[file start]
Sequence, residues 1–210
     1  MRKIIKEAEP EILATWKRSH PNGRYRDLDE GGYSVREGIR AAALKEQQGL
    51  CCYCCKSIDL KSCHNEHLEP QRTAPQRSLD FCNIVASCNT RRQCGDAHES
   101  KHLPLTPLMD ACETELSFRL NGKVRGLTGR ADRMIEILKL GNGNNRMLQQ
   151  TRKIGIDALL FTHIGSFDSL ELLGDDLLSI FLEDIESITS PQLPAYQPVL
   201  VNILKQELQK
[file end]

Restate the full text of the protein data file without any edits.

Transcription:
Sequence, residues 1–210
     1  MRKIIKEAEP EILATWKRSH PNGRYRDLDE GGYSVREGIR AAALKEQQGL
    51  CCYCCKSIDL KSCHNEHLEP QRTAPQRSLD FCNIVASCNT RRQCGDAHES
   101  KHLPLTPLMD ACETELSFRL NGKVRGLTGR ADRMIEILKL GNGNNRMLQQ
   151  TRKIGIDALL FTHIGSFDSL ELLGDDLLSI FLEDIESITS PQLPAYQPVL
   201  VNILKQELQK